On August 15, the anniversary of the day when the PKK fired its first bullet in the armed struggle in 1984, the town of Silvan (Farqin in Kurdish), in Diyarbakir province, declared its autonomy.

The resistance grew after the Farqin People's Assembly declared self-government. Notably, women played a leading role in the struggle to defend the trenches.

The Sur district, the oldest part of the city of Diyarbakir, declared its self-government on August 14. With the declaration of self-defence, police intensified their frequent attacks on the area.

The Lalebey neighbourhood became the scene of intense police violence as youth attempted to defend the neighbourhood from their trenches. Elected officials from the DBP and HDP, the largely Kurdish left party whose vote rose significantly to win more than 13% in the June elections, held an overnight vigil in the neighbourhood to prevent clashes.

The district of Lice, in Diyarbakir province, is a place where many youth have died over the years at the hands of the state. Recently, young men and women took to the streets with a determination to defend their neighbourhoods from police attack.

Police have roamed the streets in armoured vehicles opening fire indiscriminately on the neighbourhoods, to which resistance fighters have responded with guns and stun grenades.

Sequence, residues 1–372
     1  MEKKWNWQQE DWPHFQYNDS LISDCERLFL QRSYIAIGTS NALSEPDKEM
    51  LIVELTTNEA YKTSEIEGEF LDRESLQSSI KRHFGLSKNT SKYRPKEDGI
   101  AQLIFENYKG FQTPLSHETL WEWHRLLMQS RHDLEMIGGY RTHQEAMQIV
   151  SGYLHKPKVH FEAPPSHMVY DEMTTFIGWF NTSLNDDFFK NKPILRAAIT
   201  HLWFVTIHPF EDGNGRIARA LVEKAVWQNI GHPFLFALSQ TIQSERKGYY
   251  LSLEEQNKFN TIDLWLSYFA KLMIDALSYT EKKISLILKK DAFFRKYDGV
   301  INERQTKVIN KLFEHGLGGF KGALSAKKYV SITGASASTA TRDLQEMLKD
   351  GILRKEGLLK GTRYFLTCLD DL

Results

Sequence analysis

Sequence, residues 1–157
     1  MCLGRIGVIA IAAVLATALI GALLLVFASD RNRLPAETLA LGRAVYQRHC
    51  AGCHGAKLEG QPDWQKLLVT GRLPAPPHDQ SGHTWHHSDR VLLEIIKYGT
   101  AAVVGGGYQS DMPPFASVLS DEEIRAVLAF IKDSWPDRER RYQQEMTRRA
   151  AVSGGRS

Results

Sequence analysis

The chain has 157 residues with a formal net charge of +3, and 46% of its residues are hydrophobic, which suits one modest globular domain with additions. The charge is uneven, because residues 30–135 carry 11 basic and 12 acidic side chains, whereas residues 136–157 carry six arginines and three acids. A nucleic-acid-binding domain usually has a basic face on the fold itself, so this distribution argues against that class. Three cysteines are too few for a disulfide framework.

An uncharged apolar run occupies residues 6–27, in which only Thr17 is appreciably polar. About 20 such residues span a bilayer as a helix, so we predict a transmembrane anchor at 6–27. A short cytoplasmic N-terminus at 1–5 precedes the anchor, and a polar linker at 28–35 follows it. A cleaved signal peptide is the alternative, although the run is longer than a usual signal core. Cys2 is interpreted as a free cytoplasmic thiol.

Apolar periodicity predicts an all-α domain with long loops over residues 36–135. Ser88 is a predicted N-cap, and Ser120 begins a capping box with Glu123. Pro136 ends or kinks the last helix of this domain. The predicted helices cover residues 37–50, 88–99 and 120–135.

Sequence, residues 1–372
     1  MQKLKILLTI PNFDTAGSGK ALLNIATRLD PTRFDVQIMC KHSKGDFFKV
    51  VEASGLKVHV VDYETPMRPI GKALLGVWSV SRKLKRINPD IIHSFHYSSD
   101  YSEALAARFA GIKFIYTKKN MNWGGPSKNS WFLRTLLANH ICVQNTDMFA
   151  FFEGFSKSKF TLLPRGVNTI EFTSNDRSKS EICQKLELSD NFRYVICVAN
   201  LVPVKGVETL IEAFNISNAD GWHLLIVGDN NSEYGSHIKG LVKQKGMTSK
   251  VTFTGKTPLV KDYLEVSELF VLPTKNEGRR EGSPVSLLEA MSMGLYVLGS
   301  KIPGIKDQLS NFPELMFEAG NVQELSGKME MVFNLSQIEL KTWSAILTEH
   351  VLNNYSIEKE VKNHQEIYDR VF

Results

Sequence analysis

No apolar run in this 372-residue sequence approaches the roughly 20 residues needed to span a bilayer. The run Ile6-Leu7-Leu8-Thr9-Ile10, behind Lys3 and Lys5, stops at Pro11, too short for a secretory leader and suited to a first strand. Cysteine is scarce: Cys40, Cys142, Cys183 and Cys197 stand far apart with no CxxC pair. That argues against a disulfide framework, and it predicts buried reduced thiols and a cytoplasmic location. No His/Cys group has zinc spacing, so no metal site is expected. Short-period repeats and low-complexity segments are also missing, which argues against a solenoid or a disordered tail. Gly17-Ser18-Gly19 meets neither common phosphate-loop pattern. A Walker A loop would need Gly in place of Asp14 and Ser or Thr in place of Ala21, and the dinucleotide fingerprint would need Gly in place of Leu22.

In the town of Yuksekova, in Hakkari province, the resistance has spread, starting in the neighbourhoods of Orman, Kisla and Dize. Youth managed to completely close off access to the neighbourhoods with trenches.

Locals formed Self-Defence Units to hold armed vigils overnight. Residents danced traditional dances around fires, singing songs to enliven the vigil. Following Yuksekova, the neighbouring town of Semdinli also declared self-government.

In the city of Batman, the neighbourhood assembly in the Baglar neighbourhood declared self-government as “an urgent necessity against the state and the AKP government's total attack”.

In the eastern Van province, autonomy has been declared in the district of Edremit, near the city of Van, where the Edremit Democratic People's Assembly declared its rejection of the state. In the neighbourhood of Hacibekir (Xacort in Kurdish), located in the central Ipekyolu area of Van, the neighbourhood's Democratic People's Assembly also declared self-government.

Self-government has been declared in the Dogubeyazit district of Agri province and in the Gazi neighbourhood in Istanbul. Declarations of self-government and the commitment to self-defence are spreading.

[Reprinted from JINHA Women's News Agency.]